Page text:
‘I feel betrayed, let down and shocked’
CHRIS Heggie, whose ten-year-old son has Asperger’s syndrome, said parents across the Capital would feel “betrayed, let down and shocked” at news of fresh cuts to additional needs support spending.
The 50-year-old – who told how his son, Dylan, faces taking Prozac because of stress brought on by lack of support from staff at Nether Currie Primary – said he and other parents now felt like they had to “fight for everything” before their children get the help they need in class.
Mr Heggie has now filed a stage 2 complaint to the council over the treatment his son received after he was recently refused a place at Kaimes Special School.
He said: “I think I and other parents will feel betrayed, let down, shocked.
“And I think I and so many other parents will feel we have to fight for everything – but why should parents have to fight for kids with needs to get a good service?
“You have enough on your plate with bringing them up. To have to fight to get them a decent service is a crime.
“And for the council to have the cheek to call this inclusion is a crime. Now they’re calling everything inclusion under the umbrella of saving money.”
Mr Heggie said his life had been turned upside down by the dramatic deterioration in his son’s mental health, caused, he claimed, by school staff failing to provide sufficient “audited hours” of one-to-one support.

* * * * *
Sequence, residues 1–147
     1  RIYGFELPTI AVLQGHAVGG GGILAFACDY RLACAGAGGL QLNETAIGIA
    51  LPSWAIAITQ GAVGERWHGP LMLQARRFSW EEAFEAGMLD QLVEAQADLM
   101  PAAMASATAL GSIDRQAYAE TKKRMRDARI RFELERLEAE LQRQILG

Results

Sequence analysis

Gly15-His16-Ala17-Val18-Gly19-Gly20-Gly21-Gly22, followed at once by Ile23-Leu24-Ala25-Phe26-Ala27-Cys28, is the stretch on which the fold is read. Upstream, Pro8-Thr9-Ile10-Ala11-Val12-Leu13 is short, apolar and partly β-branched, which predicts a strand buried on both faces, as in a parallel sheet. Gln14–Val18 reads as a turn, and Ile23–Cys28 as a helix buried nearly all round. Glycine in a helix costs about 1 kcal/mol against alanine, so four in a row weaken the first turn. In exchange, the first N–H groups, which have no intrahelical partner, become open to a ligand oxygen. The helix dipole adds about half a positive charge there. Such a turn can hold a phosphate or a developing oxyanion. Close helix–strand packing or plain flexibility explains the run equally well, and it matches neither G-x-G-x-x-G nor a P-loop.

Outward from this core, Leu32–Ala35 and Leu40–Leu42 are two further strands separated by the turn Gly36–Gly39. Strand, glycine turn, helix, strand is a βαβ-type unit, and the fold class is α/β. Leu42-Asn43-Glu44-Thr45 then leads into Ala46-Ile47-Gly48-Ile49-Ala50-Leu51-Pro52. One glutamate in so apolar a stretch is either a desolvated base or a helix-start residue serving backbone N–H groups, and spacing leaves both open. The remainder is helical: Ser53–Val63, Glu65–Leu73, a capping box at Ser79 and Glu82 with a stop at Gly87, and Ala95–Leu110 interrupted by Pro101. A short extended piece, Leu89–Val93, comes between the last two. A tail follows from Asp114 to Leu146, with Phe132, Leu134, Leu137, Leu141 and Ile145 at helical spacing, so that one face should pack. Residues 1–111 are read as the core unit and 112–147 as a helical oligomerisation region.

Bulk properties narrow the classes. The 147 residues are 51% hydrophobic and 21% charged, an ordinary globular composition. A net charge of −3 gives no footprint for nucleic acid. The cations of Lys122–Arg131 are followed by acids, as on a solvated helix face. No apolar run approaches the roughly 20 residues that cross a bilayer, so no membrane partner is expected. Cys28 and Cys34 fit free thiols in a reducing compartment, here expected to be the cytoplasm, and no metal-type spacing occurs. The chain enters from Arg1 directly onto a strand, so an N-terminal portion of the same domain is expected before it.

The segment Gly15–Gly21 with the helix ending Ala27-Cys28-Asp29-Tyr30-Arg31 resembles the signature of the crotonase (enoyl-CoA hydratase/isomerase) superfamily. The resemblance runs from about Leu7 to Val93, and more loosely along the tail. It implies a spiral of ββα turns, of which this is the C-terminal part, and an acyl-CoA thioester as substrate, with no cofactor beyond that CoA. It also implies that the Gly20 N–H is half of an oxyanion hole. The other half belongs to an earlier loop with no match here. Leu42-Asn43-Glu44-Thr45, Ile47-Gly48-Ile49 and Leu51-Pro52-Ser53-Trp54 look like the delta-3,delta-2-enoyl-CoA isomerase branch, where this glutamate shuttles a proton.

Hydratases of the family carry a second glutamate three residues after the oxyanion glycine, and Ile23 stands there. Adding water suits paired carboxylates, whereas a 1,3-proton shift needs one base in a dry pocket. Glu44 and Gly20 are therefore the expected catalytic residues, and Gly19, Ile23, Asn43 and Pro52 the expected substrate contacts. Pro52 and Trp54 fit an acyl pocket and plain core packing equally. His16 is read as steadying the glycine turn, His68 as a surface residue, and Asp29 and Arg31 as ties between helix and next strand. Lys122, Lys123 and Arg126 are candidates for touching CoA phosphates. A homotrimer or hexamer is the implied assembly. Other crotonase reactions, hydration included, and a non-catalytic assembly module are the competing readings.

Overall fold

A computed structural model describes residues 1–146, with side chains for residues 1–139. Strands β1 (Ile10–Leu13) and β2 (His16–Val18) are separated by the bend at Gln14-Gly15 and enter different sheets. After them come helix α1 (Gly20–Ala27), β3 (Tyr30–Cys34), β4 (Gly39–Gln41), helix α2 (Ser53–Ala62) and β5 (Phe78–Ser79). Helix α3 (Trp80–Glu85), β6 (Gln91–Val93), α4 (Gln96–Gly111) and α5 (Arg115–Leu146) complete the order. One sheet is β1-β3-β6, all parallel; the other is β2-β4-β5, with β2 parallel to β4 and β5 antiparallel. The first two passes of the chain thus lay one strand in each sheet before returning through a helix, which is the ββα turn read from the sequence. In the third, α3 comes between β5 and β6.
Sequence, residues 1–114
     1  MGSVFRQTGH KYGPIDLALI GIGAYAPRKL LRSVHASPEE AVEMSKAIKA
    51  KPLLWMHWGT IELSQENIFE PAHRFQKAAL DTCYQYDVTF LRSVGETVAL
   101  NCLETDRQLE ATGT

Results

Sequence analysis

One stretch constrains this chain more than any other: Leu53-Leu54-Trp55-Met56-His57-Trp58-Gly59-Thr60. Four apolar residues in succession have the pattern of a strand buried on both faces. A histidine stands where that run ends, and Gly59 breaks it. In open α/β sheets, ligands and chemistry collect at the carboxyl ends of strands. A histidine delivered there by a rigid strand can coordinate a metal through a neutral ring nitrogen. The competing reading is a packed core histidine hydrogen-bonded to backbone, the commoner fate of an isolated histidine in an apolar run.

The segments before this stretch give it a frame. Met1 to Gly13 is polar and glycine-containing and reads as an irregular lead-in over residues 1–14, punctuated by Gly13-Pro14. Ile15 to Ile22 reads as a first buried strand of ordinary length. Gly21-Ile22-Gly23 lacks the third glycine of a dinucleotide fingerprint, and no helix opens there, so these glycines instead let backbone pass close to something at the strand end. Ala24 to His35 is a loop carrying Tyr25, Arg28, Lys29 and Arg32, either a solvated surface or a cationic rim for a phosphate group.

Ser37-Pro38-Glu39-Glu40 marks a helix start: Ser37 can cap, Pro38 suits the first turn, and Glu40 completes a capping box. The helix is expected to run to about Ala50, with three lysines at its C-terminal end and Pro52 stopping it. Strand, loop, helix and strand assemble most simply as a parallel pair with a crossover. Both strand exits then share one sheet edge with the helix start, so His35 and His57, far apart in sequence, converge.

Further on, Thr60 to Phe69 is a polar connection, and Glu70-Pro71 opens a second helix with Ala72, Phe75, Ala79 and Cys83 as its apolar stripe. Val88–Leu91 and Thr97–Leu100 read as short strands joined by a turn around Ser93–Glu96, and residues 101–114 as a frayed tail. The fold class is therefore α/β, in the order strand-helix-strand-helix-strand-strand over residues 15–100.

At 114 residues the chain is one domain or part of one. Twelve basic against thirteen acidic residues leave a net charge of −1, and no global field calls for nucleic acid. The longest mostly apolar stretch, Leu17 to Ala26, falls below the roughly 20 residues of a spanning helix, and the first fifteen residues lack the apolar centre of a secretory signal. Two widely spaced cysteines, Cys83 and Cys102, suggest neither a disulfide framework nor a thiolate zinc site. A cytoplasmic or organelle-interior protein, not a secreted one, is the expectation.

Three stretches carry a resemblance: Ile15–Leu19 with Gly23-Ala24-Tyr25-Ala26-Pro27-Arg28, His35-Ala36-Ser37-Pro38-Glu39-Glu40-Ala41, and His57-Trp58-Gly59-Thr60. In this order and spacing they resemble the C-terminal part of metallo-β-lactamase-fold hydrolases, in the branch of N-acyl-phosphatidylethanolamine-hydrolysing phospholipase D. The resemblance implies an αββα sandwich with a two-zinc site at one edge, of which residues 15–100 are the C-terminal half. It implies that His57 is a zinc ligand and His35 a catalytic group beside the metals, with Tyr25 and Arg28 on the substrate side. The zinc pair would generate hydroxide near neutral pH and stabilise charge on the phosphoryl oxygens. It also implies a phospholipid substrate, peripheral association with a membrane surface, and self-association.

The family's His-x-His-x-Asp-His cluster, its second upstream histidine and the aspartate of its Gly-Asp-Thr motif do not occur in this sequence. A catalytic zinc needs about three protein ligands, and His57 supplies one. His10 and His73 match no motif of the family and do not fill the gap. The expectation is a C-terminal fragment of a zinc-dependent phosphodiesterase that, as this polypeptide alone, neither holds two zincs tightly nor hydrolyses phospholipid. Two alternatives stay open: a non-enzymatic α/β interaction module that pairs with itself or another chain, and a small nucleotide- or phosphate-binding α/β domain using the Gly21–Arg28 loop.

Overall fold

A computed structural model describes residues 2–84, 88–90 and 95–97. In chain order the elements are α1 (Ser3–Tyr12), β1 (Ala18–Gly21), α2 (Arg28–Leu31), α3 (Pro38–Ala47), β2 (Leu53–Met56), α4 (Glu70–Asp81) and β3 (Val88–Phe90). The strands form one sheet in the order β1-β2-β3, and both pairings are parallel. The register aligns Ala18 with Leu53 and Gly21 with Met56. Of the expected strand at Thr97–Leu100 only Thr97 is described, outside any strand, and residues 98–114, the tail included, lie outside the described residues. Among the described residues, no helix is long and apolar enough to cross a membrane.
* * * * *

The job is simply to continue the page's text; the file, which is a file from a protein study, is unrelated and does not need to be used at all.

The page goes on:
He said Dylan had been landed with lots of extra homework, despite also being diagnosed with hyper-mobility and low muscle tone.
He said news of proposed cuts to schools funding confirmed his suspicion that difficulties he encountered in enrolling Dylan at Kaimes were due to under-pressure finances in the education department.
“I don’t mind my child going to a mainstream school but the support for that costs money,” he said.
“Everything we went through makes sense now. I think they knew in advance they were going to make the cuts and I think they said to the staff at Kaimes not to accept any more applications.
“Rather than admit it’s due to cuts, the authorities won’t give us a straight answer.”